Without properly fitting shoes, your feet will encounter many problems. Too loose, and your feet will slide around creating friction. Too tight causes excessive pressure. Both can change the biomechanics of your foot strike, which in turn affects gait and throws off stride and balance. This stresses tendons and ligaments. If feet and toes are pinched in too-tight shoes, blood circulation is reduced and you’ll endure aches or pain. When trying on shoes, walk in them for a while to be sure they are comfortable and do not have any pressure points. Shoes should conform to the shape of your feet. Make sure the shoes flex comfortably in the forefoot and there are no irritating seams inside.
When Did You Last Replace Your Insoles?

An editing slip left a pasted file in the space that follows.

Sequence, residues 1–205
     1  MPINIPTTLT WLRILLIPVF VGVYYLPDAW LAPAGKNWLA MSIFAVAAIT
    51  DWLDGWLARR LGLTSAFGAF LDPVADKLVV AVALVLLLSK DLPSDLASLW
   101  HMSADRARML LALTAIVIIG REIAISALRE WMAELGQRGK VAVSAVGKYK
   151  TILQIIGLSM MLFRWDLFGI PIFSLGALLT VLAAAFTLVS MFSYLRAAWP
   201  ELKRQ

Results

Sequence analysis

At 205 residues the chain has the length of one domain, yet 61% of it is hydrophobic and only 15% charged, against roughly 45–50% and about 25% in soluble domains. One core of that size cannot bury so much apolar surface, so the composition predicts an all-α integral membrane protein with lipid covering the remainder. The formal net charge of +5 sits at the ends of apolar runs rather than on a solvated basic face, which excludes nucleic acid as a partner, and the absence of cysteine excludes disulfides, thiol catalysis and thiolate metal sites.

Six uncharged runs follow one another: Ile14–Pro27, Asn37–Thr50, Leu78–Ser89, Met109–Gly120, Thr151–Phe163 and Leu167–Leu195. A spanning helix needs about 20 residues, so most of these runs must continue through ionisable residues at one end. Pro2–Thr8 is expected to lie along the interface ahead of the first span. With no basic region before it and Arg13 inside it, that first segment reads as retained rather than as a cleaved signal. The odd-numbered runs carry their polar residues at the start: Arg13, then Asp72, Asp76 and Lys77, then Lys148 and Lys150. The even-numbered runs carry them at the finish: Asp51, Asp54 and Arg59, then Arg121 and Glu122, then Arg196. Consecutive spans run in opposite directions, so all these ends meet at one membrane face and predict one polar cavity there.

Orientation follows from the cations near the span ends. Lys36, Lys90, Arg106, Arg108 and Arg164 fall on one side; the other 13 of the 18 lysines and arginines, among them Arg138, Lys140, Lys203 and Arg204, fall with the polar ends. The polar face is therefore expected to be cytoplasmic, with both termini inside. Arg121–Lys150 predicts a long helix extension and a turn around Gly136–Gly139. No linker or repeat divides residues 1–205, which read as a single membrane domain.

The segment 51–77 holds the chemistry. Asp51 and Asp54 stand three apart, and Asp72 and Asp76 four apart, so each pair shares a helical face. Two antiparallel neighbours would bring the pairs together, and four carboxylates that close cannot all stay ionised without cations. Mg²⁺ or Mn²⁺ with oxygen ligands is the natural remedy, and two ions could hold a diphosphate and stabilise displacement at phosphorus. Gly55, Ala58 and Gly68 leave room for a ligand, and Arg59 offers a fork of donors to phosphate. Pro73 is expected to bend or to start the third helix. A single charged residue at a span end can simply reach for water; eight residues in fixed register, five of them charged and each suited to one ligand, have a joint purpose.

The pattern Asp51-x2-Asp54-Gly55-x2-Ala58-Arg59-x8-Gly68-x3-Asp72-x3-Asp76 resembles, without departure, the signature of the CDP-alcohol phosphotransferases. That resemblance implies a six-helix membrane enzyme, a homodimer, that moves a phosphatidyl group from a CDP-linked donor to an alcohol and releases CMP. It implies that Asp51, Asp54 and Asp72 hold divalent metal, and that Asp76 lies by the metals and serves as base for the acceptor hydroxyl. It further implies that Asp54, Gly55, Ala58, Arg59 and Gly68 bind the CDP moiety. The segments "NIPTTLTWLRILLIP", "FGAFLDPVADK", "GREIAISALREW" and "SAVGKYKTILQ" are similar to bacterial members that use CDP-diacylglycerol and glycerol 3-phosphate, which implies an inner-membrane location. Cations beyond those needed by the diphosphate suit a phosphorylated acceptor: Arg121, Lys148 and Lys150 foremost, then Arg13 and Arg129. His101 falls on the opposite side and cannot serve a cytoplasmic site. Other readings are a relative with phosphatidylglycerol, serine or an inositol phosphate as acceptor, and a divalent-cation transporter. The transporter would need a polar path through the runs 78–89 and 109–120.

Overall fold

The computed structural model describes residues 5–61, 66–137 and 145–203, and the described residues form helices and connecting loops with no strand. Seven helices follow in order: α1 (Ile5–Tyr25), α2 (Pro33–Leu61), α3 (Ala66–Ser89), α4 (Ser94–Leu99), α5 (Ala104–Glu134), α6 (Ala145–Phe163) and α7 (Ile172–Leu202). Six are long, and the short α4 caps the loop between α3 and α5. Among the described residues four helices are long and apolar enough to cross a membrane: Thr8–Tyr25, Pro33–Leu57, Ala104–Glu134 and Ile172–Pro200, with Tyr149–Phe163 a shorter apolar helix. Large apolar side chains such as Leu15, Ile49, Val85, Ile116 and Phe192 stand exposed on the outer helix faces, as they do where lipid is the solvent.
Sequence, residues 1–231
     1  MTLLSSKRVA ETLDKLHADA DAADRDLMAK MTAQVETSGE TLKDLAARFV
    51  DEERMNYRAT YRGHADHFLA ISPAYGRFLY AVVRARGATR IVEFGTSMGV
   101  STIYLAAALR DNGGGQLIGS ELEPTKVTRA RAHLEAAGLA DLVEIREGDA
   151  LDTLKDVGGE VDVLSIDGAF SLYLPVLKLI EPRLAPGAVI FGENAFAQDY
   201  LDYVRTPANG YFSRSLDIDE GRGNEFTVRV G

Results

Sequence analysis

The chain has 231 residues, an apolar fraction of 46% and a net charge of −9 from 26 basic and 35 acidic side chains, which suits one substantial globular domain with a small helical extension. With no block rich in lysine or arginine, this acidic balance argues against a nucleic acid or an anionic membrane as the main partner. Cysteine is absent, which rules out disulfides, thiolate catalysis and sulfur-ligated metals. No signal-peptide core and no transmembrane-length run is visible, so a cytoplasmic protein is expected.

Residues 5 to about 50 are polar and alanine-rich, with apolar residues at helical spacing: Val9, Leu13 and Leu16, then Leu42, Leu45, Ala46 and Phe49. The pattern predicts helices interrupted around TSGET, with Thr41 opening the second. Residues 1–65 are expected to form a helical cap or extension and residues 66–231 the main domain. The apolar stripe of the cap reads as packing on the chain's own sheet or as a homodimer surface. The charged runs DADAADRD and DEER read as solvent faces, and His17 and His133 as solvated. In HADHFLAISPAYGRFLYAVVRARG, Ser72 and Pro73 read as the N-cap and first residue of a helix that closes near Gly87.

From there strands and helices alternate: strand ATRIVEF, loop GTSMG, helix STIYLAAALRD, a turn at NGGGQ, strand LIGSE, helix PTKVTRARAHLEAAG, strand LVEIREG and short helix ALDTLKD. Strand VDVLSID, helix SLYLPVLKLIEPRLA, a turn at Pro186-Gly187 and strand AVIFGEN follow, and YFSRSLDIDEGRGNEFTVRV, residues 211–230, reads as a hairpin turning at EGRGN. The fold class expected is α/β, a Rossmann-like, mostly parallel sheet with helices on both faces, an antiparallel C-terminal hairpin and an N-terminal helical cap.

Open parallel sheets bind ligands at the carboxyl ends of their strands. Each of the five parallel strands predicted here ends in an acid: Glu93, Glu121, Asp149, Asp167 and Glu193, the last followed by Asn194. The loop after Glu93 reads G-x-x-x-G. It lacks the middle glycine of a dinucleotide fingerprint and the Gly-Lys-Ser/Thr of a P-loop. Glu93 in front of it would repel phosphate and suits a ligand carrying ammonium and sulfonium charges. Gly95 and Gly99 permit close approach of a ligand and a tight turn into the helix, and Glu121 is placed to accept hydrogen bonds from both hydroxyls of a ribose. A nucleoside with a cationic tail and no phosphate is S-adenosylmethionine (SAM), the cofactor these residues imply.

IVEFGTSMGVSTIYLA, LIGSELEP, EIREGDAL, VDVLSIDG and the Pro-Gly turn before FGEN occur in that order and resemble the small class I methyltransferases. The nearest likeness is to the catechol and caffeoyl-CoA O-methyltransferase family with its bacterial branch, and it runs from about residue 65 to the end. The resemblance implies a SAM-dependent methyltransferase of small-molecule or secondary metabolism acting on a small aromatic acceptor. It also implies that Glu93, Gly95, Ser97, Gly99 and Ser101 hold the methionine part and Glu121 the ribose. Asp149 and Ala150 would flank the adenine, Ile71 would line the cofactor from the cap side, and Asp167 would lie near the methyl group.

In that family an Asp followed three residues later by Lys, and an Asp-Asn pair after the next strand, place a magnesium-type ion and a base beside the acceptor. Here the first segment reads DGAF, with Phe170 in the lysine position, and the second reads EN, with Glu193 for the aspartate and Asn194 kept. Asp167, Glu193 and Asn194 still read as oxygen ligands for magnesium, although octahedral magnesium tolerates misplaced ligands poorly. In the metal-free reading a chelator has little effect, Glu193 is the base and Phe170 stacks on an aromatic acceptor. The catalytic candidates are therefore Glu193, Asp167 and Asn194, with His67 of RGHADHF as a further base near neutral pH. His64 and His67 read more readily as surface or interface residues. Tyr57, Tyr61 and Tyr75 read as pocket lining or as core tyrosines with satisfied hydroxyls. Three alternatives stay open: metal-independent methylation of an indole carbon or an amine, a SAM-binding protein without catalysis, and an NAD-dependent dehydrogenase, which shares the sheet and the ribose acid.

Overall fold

Insoles provide extra support and/or cushioning. The typical insoles that come with shoes are of little value. If in doubt, take them out, and if they easily fold in half and are thin, replace them. Replacement insoles offer better heel support, shock absorption, and reduced friction. Some have a better arch support that helps those with flat feet.
The right insoles can make a big difference in the overall fit and comfort of our footwear. But insoles are not made to last forever. Check them occasionally for breakdown and replace them when necessary. There are two common types of insoles available: viscous polymer and foam. The polymers are a great choice for those wanting additional cushioning. Foam insoles are lightweight and inexpensive but offer less shock absorption.
Do you need orthotics? Their purpose is to maintain the foot in a functionally correct position and cure lower extremity ailments. Typically prescribed by a podiatrist or orthopedist, orthotics are medical devices custom made from cast impressions of your feet. A properly fit orthotic will support the body’s natural movements and reduce the demands placed on the muscles when the body is out of alignment. The result is less work by the muscles, meaning less fatigue and fewer injuries.
The Joy of Socks